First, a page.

The Warmest Day of the Year

The war has entered the marketplace
of a country where women must choose
whether it is worth the risk
to buy more fruit and bread,
sugar for tea, cigarettes, soap.
All I did today was refuse
to buy the stamps with the flag.
In line at the post office,
the man behind me asked if I had a child
at the university
named on my envelope.
I’m not old enough to have a child in college
I said in a tone I hoped would embarrass.
Then later, driving away, I thought how stupid –
of course I’m old enough.
I could have a child in the war
like the boys I read about this morning –
nineteen, twenty, twenty-two –
who love the rush of battle,
I can’t imagine
being in a line of work that didn’t
let me carry a gun,

one of them said, though quick to add,
I hate to kill, and it’s for a cause.
One of these boys could be mine.
I could have stared at him across the dinner table
in the weeks before he left,
trying to memorize his face,
to understand how the corners of his mouth
tilt upward, to know the birthmark next to his ear
as well as I know the blow of his joining
an institution my whole heart is set against.

I have one child in college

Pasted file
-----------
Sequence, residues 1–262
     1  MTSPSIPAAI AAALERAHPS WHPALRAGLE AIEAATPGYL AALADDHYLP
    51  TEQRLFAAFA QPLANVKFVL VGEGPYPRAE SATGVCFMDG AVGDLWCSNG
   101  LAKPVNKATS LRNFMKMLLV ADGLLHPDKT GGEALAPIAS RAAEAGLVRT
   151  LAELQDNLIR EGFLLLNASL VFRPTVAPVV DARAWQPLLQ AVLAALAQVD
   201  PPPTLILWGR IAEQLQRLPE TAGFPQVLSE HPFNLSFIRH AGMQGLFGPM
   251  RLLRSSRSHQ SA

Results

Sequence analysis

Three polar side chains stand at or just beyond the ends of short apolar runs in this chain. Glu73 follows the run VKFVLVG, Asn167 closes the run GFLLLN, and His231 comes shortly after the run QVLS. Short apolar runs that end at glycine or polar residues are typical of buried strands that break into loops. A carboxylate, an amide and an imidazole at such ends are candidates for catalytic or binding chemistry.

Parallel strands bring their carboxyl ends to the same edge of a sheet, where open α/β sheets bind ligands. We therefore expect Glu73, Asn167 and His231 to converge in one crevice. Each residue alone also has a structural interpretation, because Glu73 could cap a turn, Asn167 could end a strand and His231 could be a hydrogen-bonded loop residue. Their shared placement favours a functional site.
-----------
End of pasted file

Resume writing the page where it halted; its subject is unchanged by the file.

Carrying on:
and one in the war
I tell the man in line as I drive through town,
and I live for awhile in that other life.
How would I not favor the one child
over the other? But perhaps I always have
and so the one who – and how could he not –
sensed my displeasure did the thing he knew
would displease me most.

Kill the children who will grow up to be soldiers,
wrote the Greeks of their Trojan enemies.
Kill the women who make men soft,
imagining the life they could go home to.
A culture devoted to logic.
Science dismantles the miraculous,
wrote Hippocrates.
But if it is knowledge that makes the world unholy,
we should be bent in prayer
for the little we know of our lives.

The string section adds the almost human
sound of weeping to the symphony.
Often I fail to hear the layered
nuance of sound
and fall asleep at concerts.
Listen to the birds and the dogs,
said my lover on the first night of the bombing.
On TV we saw the sky lit and heard,
between explosions, mad chirping
and the distant howls of pets or strays.

Look at anything long enough to love it.